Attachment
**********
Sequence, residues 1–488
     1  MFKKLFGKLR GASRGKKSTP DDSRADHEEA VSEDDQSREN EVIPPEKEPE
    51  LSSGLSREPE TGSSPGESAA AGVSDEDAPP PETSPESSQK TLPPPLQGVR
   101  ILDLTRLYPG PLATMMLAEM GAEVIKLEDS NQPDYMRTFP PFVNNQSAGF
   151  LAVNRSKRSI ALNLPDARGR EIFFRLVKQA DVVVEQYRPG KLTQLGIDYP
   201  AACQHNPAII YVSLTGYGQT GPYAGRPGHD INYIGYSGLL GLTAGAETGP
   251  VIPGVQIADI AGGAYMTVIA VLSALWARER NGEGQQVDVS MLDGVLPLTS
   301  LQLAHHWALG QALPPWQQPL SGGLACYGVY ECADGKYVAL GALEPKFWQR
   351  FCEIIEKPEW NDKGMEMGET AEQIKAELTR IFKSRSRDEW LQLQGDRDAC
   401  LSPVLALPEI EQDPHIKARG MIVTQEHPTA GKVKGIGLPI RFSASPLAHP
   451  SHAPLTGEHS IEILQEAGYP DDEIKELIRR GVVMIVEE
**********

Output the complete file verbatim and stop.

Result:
Sequence, residues 1–488
     1  MFKKLFGKLR GASRGKKSTP DDSRADHEEA VSEDDQSREN EVIPPEKEPE
    51  LSSGLSREPE TGSSPGESAA AGVSDEDAPP PETSPESSQK TLPPPLQGVR
   101  ILDLTRLYPG PLATMMLAEM GAEVIKLEDS NQPDYMRTFP PFVNNQSAGF
   151  LAVNRSKRSI ALNLPDARGR EIFFRLVKQA DVVVEQYRPG KLTQLGIDYP
   201  AACQHNPAII YVSLTGYGQT GPYAGRPGHD INYIGYSGLL GLTAGAETGP
   251  VIPGVQIADI AGGAYMTVIA VLSALWARER NGEGQQVDVS MLDGVLPLTS
   301  LQLAHHWALG QALPPWQQPL SGGLACYGVY ECADGKYVAL GALEPKFWQR
   351  FCEIIEKPEW NDKGMEMGET AEQIKAELTR IFKSRSRDEW LQLQGDRDAC
   401  LSPVLALPEI EQDPHIKARG MIVTQEHPTA GKVKGIGLPI RFSASPLAHP
   451  SHAPLTGEHS IEILQEAGYP DDEIKELIRR GVVMIVEE